The National Elections Commission (NEC) has received notifications from the House of Representatives about vacancies in Bomi, Bong Nimba and Grand Gedeh Counties following the election of four Representatives to the Senate. The Commission, therefore, on receiving the notifications is expected to conduct by-elections in these counties soon to fill the vacancies.
In a Press statement, Prince Dunbar, NEC’s Acting Director of Communications, said in February 2021, the Lower House served the NEC a notification about vacancies in Bomi, Bong and Grand Gedeh earlier, the time when election disputes were still ongoing in Nimba County.
“Following the February notification to the Commission from the House of Representatives about vacancies in the three counties, today (yesterday, April 21, 2021) we received the last notification for Nimba County to conduct by-elections,” Dunbar said.
Representatives Edwin Melvin Snowe of Bomi District #1, Prince Kermue Moye of Bong District #2, and Zoe Emanuel Pennue of Grand Gedeh District #1 were all elected to the Upper House (Senate) on December 8, 2020.
Nimba’s post election’s dispute resolution was unprecedented as it took over four months of quasi legal and legal proceedings, including the one at the Supreme Court of Liberia to settle.
Jeremiah Koung, Representative then for Nimba District #1, was declared the winner following the counting and tallying processes of votes, but his closest rival, Madam Edith Gongloe-Weh took an exception to the results and challenged the process before the NEC Magisterial level to the NEC Board of Commissioners and then the Supreme Court.
Gongloe-Weh argued through her lawyers that her supporters were intimidated, terrorized and denied access to some polling places by supporters of the Representative Koung who was heavily supported by former warlord, Prince Johnson and the ruling Coalition for Democratic Change (CDC).
Koung contested on the ticket of Movement for Democracy and Reconstruction (MDR), a party owned and managed by Prince Johnson, Senator for Nimba County.
“The House’s communication to the NEC dated Wednesday, 21 April 2021, says the letter is in consonance with Article 37 of the Liberian Constitution which calls on the August body to notify the Commission of vacancy of the position of a Representative (s),” Dunbar added.
Article 37 of the Liberian Constitution says, “In the event of a vacancy in the Legislature caused by death, resignation, and expulsion or otherwise, the presiding officer shall, within 30 days notify the Elections Commission thereof. The Elections Commission shall not later than 90 days thereafter, cause a by-election to be held; provided that where such vacancy occurs within 90 days prior to the holding of general elections, the filling of the vacancy shall await the holding of such general elections.”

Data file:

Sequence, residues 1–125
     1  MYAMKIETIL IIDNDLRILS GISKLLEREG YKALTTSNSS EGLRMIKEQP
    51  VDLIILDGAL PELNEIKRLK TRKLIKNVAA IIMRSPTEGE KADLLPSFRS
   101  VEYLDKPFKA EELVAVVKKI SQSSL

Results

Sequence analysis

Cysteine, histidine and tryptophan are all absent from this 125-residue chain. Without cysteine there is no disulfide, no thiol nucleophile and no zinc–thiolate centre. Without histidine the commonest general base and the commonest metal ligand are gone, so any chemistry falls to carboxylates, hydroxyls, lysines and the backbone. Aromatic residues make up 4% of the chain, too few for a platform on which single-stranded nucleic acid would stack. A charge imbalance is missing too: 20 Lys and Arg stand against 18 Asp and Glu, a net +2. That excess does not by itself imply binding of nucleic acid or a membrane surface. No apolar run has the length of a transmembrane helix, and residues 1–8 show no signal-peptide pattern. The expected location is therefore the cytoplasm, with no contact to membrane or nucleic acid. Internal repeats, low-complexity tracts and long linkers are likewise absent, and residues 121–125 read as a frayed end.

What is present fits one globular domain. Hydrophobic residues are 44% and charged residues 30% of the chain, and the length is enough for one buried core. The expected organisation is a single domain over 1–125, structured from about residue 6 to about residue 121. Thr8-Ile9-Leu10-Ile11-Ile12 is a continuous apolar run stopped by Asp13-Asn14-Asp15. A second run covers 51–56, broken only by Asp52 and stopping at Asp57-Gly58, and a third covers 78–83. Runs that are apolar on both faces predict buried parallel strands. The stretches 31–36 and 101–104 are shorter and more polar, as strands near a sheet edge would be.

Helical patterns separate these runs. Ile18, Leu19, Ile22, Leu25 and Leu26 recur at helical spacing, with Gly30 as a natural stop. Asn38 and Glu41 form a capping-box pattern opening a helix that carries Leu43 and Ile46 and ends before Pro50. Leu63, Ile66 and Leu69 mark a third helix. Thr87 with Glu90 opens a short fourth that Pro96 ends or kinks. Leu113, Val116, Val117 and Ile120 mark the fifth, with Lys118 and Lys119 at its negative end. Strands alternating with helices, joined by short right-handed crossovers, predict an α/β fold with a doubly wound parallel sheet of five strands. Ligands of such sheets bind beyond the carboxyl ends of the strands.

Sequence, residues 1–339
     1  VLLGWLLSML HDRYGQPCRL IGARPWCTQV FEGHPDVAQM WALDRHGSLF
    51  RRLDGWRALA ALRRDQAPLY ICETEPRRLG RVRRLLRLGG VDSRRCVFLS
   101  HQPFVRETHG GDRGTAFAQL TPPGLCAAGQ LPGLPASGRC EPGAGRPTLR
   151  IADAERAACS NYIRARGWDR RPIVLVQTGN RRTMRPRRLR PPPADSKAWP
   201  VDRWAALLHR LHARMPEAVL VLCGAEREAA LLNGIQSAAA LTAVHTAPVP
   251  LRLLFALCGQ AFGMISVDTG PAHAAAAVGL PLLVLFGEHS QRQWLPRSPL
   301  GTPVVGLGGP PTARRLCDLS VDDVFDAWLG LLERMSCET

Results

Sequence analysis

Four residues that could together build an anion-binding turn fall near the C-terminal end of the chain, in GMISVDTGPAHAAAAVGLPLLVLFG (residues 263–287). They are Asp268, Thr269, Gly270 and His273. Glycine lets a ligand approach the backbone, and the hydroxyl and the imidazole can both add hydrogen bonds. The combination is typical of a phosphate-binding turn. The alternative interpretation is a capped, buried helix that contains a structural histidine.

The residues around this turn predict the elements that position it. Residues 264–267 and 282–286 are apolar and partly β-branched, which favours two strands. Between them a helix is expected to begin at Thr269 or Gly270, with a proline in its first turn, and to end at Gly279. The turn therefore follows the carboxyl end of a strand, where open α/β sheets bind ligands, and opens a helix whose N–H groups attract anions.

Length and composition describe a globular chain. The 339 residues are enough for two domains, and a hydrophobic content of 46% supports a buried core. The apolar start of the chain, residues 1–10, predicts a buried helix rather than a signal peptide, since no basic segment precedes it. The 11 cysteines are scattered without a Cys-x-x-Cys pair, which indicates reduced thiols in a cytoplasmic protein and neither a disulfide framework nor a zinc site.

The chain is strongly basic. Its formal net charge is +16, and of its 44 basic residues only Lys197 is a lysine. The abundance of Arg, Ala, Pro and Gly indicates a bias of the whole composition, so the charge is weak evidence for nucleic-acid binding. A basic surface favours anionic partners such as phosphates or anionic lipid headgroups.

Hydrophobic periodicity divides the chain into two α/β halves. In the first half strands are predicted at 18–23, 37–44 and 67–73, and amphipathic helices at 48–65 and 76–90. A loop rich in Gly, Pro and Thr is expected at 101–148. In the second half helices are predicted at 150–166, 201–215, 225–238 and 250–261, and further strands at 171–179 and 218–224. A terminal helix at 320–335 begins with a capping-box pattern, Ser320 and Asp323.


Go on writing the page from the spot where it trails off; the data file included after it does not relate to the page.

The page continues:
Dunbar concluded that “The notification from the House of Representatives signed by its Chief Clerk, Mildred N. Sayon, requests the NEC to work out the necessary modalities and mechanisms for the holding of the By-Elections to fill the vacancies created by the elections of the then Representatives to the Senate.”
NEC debt to Vendors
Meanwhile, the National Elections Commission (NEC) is yet to settle its arrears with vendors who rendered services on December 8, 2020.
It can be recalled that the Commission’s offices in Tappita, Nimba County, were recently besieged and normal activities disrupted by angry vendors who are yet to receive their money for the work they did during December 8, 2020 Special Senatorial Elections, Represetative By-electyions in Montserrado District #9 and Sinoe District #2 as well as the National Referendum.
Some of the vendors offered their vehicles to transport election materials and staffs of the Commission while others offered different services. The NEC is yet to pay those vendors their wages.
Davidetta Browne Lansanah, chairperson of NEC, has said several times that the Ministry of Finance has promised to make the funds available to settle the debts, but it is yet to live up to its promise.
Madam Lansanah has, all through, been appealing to the vendors to continue to be patient until the Finance Ministry makes available the money but her plea appears not to be holding water as the vendors are angry and unwilling to exercise patience further. With the serving of notification for by-election, it appears that the NEC and the government will be over burdened again with heavy financial obligations.